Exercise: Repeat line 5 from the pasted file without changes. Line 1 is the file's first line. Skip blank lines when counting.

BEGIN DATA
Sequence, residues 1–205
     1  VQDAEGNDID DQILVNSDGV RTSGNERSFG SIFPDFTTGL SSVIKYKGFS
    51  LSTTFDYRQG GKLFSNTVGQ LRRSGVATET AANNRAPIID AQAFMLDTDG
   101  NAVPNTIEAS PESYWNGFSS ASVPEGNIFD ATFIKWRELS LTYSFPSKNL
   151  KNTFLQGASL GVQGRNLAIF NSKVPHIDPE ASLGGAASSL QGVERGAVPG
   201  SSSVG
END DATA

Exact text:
   151  KNTFLQGASL GVQGRNLAIF NSKVPHIDPE ASLGGAASSL QGVERGAVPG